Lucky Luke switches rides
What would Lucky Luke be without his horse Jolly Jumper? Berlin-based comics artist Mawil has penned an adventure that puts the friendship between horse and cowboy to a tough test.
By Holger Moos
Titled Lucky Luke sattelt um [Lucky Luke switches rides], the book pays homage to the comic-book cowboy, originally created by Franco-Belgian comics artist Maurice de Bevere, aka Morris. The cowboy who shoots faster than his shadow was one of Markus Witzel’s childhood heroes when he was still a schoolboy in East Berlin. Now a successful comics artist known as Mawil, Witzel was just ten years old when he sketched his first Lucky Luke drawings.
Less than 30 years later, Mawil puts the cowboy – who had to quit smoking in 1983 and now likes to casually chew on a straw – into a completely different saddle: Lucky Luke is learning to ride a bike, and surprisingly quickly at that.
Lucky Luke in the Bicycle “War”The story is based on historical events: Albert Overman was a US bicycle pioneer who introduced the country to the modern bicycle with hollow pneumatic tires, while his competitor Albert Augustus Pope, who also appears in the book, owned a factory that produced penny-farthings.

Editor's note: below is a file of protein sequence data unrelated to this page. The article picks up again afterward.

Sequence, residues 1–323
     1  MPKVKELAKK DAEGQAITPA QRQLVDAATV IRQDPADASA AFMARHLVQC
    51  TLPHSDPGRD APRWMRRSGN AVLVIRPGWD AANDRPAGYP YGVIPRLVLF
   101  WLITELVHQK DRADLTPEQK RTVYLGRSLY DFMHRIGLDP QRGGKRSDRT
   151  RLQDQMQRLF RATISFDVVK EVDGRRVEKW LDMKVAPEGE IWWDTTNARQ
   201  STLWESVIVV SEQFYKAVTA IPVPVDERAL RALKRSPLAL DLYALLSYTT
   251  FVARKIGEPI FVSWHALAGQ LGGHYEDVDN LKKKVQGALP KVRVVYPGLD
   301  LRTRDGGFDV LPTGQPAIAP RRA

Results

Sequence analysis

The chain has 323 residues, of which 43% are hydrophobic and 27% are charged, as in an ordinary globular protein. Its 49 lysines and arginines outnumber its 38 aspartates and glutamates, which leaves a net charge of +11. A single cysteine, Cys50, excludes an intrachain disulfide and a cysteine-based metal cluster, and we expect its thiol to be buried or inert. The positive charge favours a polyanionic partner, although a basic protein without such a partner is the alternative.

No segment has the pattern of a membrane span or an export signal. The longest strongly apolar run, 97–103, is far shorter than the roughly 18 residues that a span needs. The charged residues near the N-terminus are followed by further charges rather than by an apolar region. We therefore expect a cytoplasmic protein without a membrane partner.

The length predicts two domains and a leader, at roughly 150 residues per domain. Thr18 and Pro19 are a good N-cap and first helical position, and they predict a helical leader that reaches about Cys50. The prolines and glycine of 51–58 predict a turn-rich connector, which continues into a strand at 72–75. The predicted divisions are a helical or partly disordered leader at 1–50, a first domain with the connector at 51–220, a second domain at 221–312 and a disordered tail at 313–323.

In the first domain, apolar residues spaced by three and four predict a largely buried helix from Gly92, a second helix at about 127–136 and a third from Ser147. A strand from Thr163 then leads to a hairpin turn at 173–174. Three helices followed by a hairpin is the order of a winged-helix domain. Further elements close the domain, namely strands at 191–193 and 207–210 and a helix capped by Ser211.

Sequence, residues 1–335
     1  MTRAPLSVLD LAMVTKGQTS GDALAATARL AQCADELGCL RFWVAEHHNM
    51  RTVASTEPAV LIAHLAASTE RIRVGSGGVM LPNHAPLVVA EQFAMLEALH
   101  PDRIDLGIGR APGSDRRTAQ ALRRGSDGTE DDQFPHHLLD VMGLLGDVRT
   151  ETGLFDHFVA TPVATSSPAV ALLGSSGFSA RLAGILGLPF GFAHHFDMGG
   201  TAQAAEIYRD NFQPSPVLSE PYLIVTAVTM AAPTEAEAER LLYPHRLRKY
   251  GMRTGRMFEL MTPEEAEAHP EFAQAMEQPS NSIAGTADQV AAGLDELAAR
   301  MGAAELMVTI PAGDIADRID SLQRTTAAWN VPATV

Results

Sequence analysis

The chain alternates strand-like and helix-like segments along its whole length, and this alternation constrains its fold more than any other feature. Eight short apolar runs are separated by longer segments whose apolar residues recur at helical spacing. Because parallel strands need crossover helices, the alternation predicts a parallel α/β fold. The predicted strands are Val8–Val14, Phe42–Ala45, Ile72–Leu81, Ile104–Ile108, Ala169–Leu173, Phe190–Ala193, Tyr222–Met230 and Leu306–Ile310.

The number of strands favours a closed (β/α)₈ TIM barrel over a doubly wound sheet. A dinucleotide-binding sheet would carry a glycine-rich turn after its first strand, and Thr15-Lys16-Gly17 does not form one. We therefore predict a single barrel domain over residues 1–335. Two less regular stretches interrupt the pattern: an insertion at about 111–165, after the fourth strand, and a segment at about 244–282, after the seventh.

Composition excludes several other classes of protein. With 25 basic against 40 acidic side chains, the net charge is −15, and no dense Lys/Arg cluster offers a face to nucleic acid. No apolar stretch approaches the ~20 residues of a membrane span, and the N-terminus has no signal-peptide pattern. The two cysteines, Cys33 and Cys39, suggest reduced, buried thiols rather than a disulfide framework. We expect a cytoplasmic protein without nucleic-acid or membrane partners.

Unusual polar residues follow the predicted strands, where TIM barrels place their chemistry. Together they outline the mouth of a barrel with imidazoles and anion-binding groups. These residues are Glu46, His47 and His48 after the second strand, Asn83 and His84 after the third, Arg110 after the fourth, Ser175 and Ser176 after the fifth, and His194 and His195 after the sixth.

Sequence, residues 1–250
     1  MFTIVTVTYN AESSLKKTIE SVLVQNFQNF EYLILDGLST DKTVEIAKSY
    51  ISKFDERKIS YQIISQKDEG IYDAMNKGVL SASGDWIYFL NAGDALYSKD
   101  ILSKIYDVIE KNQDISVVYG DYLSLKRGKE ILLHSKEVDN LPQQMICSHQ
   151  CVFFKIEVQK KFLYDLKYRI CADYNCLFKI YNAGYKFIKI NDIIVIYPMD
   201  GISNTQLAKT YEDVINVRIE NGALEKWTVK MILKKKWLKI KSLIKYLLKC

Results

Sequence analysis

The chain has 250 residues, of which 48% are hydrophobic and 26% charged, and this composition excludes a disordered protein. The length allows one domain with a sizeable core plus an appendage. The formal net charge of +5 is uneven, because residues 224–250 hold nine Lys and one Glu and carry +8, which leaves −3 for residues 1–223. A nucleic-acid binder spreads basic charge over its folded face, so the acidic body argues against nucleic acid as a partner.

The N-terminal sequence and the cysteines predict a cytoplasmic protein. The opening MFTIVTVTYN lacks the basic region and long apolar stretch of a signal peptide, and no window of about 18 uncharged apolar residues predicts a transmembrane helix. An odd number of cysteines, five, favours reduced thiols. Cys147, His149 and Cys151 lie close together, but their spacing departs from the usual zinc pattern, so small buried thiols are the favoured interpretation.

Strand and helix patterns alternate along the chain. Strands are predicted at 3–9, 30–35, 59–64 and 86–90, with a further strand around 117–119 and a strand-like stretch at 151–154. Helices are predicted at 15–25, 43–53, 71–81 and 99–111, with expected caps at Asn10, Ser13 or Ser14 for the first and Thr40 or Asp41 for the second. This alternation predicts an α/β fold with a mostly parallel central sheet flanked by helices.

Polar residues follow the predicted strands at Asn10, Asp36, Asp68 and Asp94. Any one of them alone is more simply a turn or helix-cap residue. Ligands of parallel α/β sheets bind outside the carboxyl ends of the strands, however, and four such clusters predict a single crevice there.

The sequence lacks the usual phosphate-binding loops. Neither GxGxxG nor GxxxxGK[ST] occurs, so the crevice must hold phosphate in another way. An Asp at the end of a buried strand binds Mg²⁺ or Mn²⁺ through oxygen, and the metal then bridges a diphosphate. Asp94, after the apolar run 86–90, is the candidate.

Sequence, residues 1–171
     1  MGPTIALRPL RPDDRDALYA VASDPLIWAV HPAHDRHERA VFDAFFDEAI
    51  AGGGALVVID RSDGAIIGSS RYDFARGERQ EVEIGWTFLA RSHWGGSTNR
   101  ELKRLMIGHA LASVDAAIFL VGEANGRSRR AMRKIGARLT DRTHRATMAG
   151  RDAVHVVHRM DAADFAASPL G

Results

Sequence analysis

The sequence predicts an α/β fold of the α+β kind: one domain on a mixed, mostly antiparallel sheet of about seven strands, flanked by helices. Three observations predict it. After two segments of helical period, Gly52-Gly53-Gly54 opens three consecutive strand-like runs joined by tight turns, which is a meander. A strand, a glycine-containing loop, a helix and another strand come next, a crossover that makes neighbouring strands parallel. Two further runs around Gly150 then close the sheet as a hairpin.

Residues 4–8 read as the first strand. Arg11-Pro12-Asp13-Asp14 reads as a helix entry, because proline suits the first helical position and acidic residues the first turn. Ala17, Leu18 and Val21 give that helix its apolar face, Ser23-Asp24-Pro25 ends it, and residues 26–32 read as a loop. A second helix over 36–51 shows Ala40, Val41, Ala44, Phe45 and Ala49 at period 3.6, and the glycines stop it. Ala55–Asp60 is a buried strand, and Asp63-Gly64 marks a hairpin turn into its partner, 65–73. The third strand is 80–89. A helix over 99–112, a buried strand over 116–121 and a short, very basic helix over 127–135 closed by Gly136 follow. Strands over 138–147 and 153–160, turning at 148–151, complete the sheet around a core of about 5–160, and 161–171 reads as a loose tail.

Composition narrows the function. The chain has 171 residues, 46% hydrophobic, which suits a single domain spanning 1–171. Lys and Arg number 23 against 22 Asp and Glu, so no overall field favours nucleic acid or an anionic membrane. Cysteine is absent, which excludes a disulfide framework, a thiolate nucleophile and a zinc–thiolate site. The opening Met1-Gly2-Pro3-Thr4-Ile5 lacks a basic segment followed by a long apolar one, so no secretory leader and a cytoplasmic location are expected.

Lucky Luke soon ends up right in the middle of this bicycle “war”: He meets Albert Overman, whose last chance to prove that his construction is superior is a bicycle race in San Francisco. To make matters worse, two crooks called Smith and Wesson are after him. So it falls to Lucky Luke to transport Overman’s precious cargo to San Francisco – powered, for the most part, by his calves, which are barely up to the task.
Is this the end of Lucky Luke’s relationship with Jolly Jumper?Jolly Jumper, who always turned up in the right place at the right time whenever Lucky Luke hastily had to leave a saloon through the window, initially receives no attention in Mawil’s book and harbours resentment towards his master. Horses’ souls can be wounded, too, in particular if the horse in question feels like its services are no longer required.
What follows is an abstruse chase through the USA, with lots of wit and plenty of references. Mawil interprets the original relatively freely – for example, while the main character is clearly recognisable, his nose is larger and rounder. In the Tagesspiegel newspaper, Bela Sobottke calls this approach “pure Mawil” and points out that while he is the first German artist to be permitted to present his take on the comic-book icon, it is also “an enjoyable honour for Lucky Luke to receive a fresh interpretation by Mawil at the age of over 70.”
Mawil: Lucky Luke sattelt um. Hommage 3
Berlin: Egmont Ehapa Media GmbH, 2019. 64 S.
ISBN (Hardcover in der Egmont Comic Collection / Softcover bei Egmont Ehapa Media): 978-3-7704-4060-3